As I’ve long been pointing out, one of the most worrisome problems of this century is sub-Saharan African population growth. UN forecasts are staggering. The good news is that it’s likely not an insoluble problem, but only if the Great and the Good get to work on it soon.
My impression has long been that Bill Gates is, deep down, the Protestant guy appalled by Irish Catholic fecundity in Monty Python’s Meaning of Life. But even if you are Bill Gates, you have to be worried about coming out and saying: There are going to be way too many black people if we don’t do something fast.
Earlier this week, Gates came out of the closet about how worried he is about African population growth in an interview with the UK Telegraph. But now he’s written an op-ed for the NYT that treats the subject so gingerly that most of the commenters don’t seem to have much of a clue what’s Gates is driving at.
We’ve made extraordinary strides, but the hardest part is in front of us.
By Bill Gates and Melinda Gates
The writers are the founders of the Gates Foundation.
Sept. 22, 2018
Do you think the number of poor people in the world has gone up or down in the past 25 years?
This question is an excellent conversation starter because practically everybody answers it incorrectly. Primed by depressing and shocking headlines, most people assume that poverty has increased. Some people say it has held steady. Almost none are aware that in fact, more than a billion people have overcome poverty just since the turn of the millennium.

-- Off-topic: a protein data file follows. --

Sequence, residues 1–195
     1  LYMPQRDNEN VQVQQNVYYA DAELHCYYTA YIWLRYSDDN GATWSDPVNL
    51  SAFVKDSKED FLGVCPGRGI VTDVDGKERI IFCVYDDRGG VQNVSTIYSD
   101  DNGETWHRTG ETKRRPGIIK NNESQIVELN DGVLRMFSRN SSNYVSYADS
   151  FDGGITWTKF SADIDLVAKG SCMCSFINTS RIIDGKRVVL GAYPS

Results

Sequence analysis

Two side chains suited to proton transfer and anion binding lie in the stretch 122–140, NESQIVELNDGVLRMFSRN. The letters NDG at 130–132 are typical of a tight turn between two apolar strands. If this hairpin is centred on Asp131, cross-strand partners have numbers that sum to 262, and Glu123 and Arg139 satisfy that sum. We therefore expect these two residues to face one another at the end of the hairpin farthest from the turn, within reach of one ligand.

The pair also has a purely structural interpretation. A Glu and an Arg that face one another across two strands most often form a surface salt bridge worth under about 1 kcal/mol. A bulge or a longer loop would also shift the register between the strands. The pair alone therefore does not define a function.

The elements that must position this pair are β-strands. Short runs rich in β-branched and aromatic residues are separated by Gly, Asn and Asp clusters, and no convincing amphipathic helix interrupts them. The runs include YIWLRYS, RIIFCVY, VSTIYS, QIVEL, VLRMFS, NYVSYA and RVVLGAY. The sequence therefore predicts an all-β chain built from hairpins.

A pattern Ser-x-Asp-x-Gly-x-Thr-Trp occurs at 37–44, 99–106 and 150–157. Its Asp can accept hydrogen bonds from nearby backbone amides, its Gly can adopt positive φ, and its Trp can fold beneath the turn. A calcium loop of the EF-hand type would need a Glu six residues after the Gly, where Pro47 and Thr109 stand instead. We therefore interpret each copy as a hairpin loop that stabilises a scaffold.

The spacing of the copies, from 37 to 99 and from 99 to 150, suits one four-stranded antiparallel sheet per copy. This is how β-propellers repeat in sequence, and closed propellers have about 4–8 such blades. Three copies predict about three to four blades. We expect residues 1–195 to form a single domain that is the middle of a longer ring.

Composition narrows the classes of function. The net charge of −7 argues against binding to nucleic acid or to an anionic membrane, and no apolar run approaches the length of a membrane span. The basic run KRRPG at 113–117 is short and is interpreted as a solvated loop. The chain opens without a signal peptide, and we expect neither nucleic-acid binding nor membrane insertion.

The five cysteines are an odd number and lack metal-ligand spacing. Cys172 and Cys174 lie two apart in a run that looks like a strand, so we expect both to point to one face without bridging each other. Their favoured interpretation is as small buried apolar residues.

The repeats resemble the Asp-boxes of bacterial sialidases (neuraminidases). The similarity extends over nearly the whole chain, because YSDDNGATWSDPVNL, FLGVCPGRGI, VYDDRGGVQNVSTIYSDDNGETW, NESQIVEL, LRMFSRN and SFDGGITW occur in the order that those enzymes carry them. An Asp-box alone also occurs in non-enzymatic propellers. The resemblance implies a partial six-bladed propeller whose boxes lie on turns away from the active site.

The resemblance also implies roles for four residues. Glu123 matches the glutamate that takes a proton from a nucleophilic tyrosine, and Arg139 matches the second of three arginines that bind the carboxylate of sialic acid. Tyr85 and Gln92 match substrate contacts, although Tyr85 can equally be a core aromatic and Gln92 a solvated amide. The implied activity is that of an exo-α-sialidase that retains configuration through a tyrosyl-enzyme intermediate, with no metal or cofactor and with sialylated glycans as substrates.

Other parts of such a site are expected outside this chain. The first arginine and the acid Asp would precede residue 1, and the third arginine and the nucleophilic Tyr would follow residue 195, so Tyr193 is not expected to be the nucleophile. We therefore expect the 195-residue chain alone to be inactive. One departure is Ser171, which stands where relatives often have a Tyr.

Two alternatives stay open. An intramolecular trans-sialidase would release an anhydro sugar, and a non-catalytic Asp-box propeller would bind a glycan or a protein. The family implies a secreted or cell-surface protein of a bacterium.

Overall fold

This huge drop in the number of people living on less than $1.90 per day is among the most underappreciated and most important developments of our generation.
But it’s not guaranteed to continue. In fact, progress against poverty is in jeopardy. According to current projections, the number of people in extreme poverty will stagnate at over 500 million. In the worst-case scenario, it could even start going back up.
Why has the world arrived at this crossroads? The answer is the unfortunate intersection of two demographic trends.
First, as extreme poverty disappears from many places, including China and India and, increasingly, many countries in Africa, it gets more and more concentrated in the most challenging places in the world. Poverty is especially stubborn in a group of about a dozen countries in sub-Saharan Africa marked by violent conflict, severe climate change, weak governance and broken health and education systems. More and more, extreme poverty will be a feature of life only where people’s opportunities to overcome it are brutally limited.
Second, these dozen countries are growing faster than every other place in the world. In the United States, women have an average of two children. In Niger, one of the poorest countries in the world, they have an average of seven. Births aren’t randomly distributed geographically. Rather, they are concentrated in the places where poverty is concentrated. Based on current trends, a growing proportion of babies will be born in places where adults have to devote most of their resources to survival, leaving very little to invest in their families, their communities and their countries.
This dual phenomenon of persistent poverty in fast-growing places explains why, by 2050, more than 40 percent of the extremely poor people on the planet are projected to live in just two countries: the Democratic Republic of Congo and Nigeria.
I think Gates is trying to fight the good fight here, but the intellectual climate is so hysterical these days that even if you have $80 billion or whatever Gates has, you have to tiptoe around reality.